Defence news

April 23, 2014

India Prepares Long-Range Missile Defense Test

In the coming weeks, India will test its anti-ballistic missile system as well as new two missiles.

India will conduct its first long-range missile defense test next week, according to the head of its military technology agency.
Avinash Chander, Director General of India’s Defense Research and Development Organization (DRDO), told reporters over the weekend that Delhi will test its anti-ballistic missile defense system beyond 100 km from Wheeler Island off the Odisha coast. The Times of India noted that India has previously tested its anti-ballistic missile system six times, but only from ranges of between 20 and 30 km. Most notably, in November 2012, India simultaneously shot down two separate missiles.
“It is a system to intercept enemy missiles with a range of 2,000 km. The missiles will get intercepted at range of more than 100 km away so that damage to our cities can be prevented,” Chander was quoted as saying by The Times of India.
The report went on to explain that the test would start with an Indian Navy vessel launching a missile that would mimic the enemy weapon. In an automated process, the ballistic missile defense system would shoot its interceptor, destroying the fake enemy missile midair.
In the weeks following the test, DRDO plans to test two emerging missiles in its arsenal. The first is the Nirbhay, a long-range, surface-to-surface sub-sonic missile with a range of about 1,000 km. The Nirbhay is often compared to the U.S. Tomahawk. It can carry multiple warheads and engage several targets, a DRDO official told The Hindu back in 2012.
“Even if there are multiple targets, it can pick out a target and attack it. It is a loitering missile; it can go round and round a target, perform several maneuvers and take it apart. It has precision, endurance and accuracy. It is an important missile,” The Hindu quoted the DRDO official as saying.
The Nirbhay’s maiden test flight took place in March of 2013 and failed. DRDO later said the failure had to do with issues with the missile’s inertial guidance system. Chander had previously promised the second test flight of the missile—which will initially be employed by India’s Navy—would take place sometime in February of this year. The missile has been plagued by other various delays as well. As Chander explained it to reporters earlier this year: “Nirbhay is a typical model of how we should not do project R&D. Earlier it was piecemeal work, but new thrust has been provided to this project.” Over the weekend Chander said that the second test flight of the missile will take place early next month.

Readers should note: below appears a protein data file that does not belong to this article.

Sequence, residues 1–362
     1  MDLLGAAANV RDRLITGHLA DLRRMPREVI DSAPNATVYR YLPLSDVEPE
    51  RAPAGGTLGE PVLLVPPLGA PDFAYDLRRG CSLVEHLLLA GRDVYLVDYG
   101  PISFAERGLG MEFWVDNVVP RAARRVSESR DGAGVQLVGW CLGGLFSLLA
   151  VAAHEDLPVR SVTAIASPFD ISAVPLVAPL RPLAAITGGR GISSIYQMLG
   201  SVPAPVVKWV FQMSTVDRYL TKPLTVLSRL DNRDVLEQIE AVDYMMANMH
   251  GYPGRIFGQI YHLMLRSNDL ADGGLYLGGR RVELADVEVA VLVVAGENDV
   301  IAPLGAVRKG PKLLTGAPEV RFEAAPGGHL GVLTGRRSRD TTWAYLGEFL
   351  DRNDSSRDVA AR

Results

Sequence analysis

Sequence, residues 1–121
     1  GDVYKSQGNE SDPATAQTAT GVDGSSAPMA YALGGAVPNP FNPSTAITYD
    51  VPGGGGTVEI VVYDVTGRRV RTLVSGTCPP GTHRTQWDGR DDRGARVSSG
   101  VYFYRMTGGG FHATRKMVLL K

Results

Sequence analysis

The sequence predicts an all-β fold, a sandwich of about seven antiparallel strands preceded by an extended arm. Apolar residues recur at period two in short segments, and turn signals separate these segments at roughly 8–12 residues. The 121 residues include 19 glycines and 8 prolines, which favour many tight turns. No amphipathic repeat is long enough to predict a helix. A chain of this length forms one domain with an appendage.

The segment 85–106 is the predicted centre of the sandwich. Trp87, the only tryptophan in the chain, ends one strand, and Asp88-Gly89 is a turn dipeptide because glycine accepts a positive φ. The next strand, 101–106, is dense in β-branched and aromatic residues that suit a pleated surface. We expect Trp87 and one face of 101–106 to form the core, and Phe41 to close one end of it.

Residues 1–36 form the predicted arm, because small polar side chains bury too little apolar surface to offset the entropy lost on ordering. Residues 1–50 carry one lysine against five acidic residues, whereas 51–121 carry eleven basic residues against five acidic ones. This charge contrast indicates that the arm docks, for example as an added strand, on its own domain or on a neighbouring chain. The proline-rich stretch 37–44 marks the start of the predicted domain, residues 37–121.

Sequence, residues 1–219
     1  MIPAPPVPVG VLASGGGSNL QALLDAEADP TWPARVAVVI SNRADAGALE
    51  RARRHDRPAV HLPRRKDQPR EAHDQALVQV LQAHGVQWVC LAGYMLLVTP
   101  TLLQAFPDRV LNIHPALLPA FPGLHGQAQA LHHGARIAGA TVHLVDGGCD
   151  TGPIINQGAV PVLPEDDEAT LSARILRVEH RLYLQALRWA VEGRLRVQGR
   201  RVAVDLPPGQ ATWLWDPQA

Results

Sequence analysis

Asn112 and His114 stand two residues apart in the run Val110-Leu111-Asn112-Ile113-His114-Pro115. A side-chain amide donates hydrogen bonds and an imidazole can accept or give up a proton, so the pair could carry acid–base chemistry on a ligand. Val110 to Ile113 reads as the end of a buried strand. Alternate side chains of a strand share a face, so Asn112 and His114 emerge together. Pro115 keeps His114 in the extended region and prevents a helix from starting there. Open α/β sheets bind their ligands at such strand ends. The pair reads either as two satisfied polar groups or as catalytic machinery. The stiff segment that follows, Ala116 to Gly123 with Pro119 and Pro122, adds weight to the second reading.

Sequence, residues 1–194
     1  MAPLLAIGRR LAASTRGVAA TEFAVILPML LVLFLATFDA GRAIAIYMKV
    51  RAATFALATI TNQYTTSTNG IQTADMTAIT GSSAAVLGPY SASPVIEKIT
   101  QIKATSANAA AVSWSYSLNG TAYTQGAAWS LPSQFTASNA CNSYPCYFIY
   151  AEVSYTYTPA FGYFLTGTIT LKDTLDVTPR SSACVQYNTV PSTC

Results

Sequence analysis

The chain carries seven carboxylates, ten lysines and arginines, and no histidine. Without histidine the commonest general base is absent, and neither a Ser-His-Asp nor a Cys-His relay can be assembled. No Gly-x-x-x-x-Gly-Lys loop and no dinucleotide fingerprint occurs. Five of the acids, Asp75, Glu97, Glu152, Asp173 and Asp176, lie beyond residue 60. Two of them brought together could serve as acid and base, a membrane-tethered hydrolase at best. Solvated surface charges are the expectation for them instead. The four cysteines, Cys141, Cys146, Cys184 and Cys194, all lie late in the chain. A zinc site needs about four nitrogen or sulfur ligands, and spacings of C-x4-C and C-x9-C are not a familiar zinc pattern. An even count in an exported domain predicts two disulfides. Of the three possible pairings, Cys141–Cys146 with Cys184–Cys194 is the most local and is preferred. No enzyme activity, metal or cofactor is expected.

Chander also said that DRDO will conduct the first test of its new Astra missile around the same time. The Astra is a beyond visual range air-to-air single stage, solid-fueled missile. It will be tested from one of India’s Russian-made Su-30 aircraft. According to The Times of India report: “If Astra is successfully fired, India will break into [an] elite group of nations, including the U.S., France, Russia and Israel, possessing such missiles. The missiles are capable of engaging ultra-modern supersonic fighter jets. Astra can carry a 15-kg high-explosive warhead.”


April 22, 2014

Air Force likely to get entire Sukhoi-30MKI fleet by 2019

Walking along the Hindustan Aeronautics Limited (HAL) production line at its Nashik plant is a good way to realise how gargantuan the Sukhoi-30MKI fighter is. Yet, its sheer size, the sleekness of its lines and the menacing "bird-of-prey" droop of its nose are not why this fighter is the backbone of the Indian Air Force (IAF). The Su-30MKI is pure performance - it is astonishingly agile, a favourite in aerobatics displays; and its 8-tonne armament payload makes it a formidable multi-role aircraft. It has the missiles to protect itself while flying on a mission, the bombs and rockets to comprehensively pulverize a target, the electronics to deceive enemy radars, and can return home while warding off enemy fighters.

The IAF is keen to quickly induct the 272 Su-30MKI fighters it has on order, especially since the Rafale contract remains uncertain. But HAL - which delivered an impressive 15 fighters last year - says completion would be possible only by about 2019, a two-and-a-half-year delay from the 2016-17 target that was set when the contract was signed with Russia in 2000.

The delay stems from the IAF's wish to make the Su-30MKI the high-performance fighter that it eventually turned out to be. Unsatisfied with the Su-30 initially supplied by Russia, the IAF demanded improved aerodynamic performance. Russia added canards and a thrust-vectoring engine, the AL-31FP, which could push the fighter in multiple directions, adding agility. All this took time and Sukhoi transferred the technology two-and-a-half years late.